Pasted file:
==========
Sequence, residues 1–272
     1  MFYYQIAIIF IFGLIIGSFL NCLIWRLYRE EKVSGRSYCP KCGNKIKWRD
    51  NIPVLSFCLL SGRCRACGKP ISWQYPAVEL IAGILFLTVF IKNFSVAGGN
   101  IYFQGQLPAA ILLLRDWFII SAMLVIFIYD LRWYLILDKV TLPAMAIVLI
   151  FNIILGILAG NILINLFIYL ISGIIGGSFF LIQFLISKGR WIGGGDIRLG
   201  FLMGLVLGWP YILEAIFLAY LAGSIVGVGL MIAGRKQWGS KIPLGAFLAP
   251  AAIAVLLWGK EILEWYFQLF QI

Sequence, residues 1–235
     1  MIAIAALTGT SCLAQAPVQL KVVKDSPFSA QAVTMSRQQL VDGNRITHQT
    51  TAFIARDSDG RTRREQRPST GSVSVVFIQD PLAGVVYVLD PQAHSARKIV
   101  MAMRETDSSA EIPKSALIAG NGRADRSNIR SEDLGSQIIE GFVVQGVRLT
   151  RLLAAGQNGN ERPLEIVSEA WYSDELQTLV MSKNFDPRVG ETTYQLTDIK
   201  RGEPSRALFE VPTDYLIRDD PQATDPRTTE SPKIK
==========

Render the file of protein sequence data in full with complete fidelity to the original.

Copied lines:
Sequence, residues 1–272
     1  MFYYQIAIIF IFGLIIGSFL NCLIWRLYRE EKVSGRSYCP KCGNKIKWRD
    51  NIPVLSFCLL SGRCRACGKP ISWQYPAVEL IAGILFLTVF IKNFSVAGGN
   101  IYFQGQLPAA ILLLRDWFII SAMLVIFIYD LRWYLILDKV TLPAMAIVLI
   151  FNIILGILAG NILINLFIYL ISGIIGGSFF LIQFLISKGR WIGGGDIRLG
   201  FLMGLVLGWP YILEAIFLAY LAGSIVGVGL MIAGRKQWGS KIPLGAFLAP
   251  AAIAVLLWGK EILEWYFQLF QI

Sequence, residues 1–235
     1  MIAIAALTGT SCLAQAPVQL KVVKDSPFSA QAVTMSRQQL VDGNRITHQT
    51  TAFIARDSDG RTRREQRPST GSVSVVFIQD PLAGVVYVLD PQAHSARKIV
   101  MAMRETDSSA EIPKSALIAG NGRADRSNIR SEDLGSQIIE GFVVQGVRLT
   151  RLLAAGQNGN ERPLEIVSEA WYSDELQTLV MSKNFDPRVG ETTYQLTDIK
   201  RGEPSRALFE VPTDYLIRDD PQATDPRTTE SPKIK